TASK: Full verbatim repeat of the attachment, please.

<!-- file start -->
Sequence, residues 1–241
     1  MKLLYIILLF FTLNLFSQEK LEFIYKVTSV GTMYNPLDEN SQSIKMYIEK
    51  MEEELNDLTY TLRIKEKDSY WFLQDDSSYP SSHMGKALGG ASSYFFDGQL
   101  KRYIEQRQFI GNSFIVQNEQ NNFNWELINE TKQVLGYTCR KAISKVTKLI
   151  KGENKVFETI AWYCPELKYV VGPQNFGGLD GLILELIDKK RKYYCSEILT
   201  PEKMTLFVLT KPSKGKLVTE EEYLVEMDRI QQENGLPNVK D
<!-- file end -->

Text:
Sequence, residues 1–241
     1  MKLLYIILLF FTLNLFSQEK LEFIYKVTSV GTMYNPLDEN SQSIKMYIEK
    51  MEEELNDLTY TLRIKEKDSY WFLQDDSSYP SSHMGKALGG ASSYFFDGQL
   101  KRYIEQRQFI GNSFIVQNEQ NNFNWELINE TKQVLGYTCR KAISKVTKLI
   151  KGENKVFETI AWYCPELKYV VGPQNFGGLD GLILELIDKK RKYYCSEILT
   201  PEKMTLFVLT KPSKGKLVTE EEYLVEMDRI QQENGLPNVK D